Somewhere between the ethereal drama of Vast and the pounding rhythms of The Red Hot Chilli Peppers was Curve. Curve came about during the height of the grunge’s commercial period, a time in the early ’90s when many bands were adopting elements of the then popular sound.
Curve on the other hand took a different approach. The London-based quartet led by Toni Halliday and Dean Garcia took some of its inspiration from My Bloody Valentine. For their strong debut Doppelganger, Halliday did the singing while Garcia provided the beats and played most of the instruments. Doppelganger was the band’s first full length album, with three EP before in which to sharpen its sound. Produced by the band and Flood, the songs were written in a collaboration between Halliday and Garcia. Their debut into the big time made a strong statement from its mildly disturbing cover art to the in-your-face angst of the songs.
A distinctive wall of noise guitar sound usually associated with some 4AD acts, early Cure and Echo & the Bunnymen albums was the backdrop for powerful beat centric and rhythm heavy songs. The approach was not unlike The Red Hot Chili Peppers with its heavy beats, but had some of the delicateness of more ethereal music. The formula was commercially successful as “Fait Accompli” became an Modern Rock radio staple and dance hit. Other songs like “Horror Head” became a MTV favorite, revealing a band that looked both goth and glamorous.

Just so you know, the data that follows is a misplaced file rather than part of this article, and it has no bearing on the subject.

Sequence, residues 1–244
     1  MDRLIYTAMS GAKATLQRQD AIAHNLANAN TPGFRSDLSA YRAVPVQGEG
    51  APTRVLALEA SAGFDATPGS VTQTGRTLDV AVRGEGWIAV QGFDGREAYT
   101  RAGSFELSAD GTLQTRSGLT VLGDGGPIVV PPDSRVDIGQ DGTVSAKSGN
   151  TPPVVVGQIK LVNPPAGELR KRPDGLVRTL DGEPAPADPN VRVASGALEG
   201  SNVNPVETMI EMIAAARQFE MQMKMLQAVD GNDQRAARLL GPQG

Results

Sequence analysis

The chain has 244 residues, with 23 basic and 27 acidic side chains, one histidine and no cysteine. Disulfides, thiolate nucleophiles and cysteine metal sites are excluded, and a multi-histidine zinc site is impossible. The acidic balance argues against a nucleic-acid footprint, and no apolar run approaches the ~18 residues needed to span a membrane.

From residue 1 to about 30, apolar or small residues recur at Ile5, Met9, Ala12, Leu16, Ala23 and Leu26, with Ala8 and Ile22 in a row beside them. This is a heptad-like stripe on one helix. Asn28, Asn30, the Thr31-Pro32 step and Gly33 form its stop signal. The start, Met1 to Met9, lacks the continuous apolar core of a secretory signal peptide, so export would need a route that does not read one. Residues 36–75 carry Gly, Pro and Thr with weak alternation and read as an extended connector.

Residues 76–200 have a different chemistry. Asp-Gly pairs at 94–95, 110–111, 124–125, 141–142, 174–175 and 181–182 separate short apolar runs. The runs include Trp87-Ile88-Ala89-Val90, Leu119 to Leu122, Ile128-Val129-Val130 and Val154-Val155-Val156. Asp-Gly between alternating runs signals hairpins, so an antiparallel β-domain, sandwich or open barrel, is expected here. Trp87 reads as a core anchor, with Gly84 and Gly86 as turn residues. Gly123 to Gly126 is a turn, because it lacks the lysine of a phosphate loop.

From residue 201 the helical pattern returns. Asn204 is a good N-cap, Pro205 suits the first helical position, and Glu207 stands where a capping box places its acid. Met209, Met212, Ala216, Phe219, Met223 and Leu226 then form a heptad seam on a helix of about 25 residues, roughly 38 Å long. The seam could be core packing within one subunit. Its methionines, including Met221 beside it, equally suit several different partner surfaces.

Halliday’s vocals were at times embedded in the mix like just another instrument. The songs were densely layered with percussion, drums and bass making for a heavy muscular sound. Unlike other bands that employed the “wall of sound” technique, the instruments were clearly delineated on all but the most low-fi of playback devices.
While Doppelganger was styled after everything from alt rock to shoegazing, it featured a strong rhythmic vibe. most of the songs were dance ready with an apocalyptic drone about them. In the few moments when the band let up for a ballad, the results were often surprisingly pleasant as in the sparse “Sandpit”.
Doppelganger was influential in the development of alternative rock with a dance edge. Curve would also inspire later bands like Vast who took the same basic formula and added a bit more drama and mysticism. Despite their long-lasting influence on the development of alternative dance music in the ’90s, the band’s fortunes dried up by the end of the middle of the decade after the release of Cuckoo in 1993. After a hiatus the band reformed in 1996 and has had a few releases since then.